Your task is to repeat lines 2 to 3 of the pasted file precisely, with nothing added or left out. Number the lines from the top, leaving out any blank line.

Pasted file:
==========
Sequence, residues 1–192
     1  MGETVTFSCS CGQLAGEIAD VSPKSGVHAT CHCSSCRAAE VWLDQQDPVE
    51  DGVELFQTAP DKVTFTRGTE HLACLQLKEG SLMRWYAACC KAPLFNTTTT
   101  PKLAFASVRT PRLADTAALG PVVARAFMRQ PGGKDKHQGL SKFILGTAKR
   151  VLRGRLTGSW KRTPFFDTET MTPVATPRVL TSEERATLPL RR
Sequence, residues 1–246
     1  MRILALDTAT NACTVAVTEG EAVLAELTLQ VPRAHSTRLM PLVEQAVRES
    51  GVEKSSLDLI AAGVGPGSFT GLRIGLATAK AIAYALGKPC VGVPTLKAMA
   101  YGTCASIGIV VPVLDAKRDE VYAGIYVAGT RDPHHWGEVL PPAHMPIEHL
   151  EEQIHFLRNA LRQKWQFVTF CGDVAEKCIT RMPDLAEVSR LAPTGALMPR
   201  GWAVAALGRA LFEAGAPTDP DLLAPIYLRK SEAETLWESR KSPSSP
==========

     1  MGETVTFSCS CGQLAGEIAD VSPKSGVHAT CHCSSCRAAE VWLDQQDPVE
    51  DGVELFQTAP DKVTFTRGTE HLACLQLKEG SLMRWYAACC KAPLFNTTTT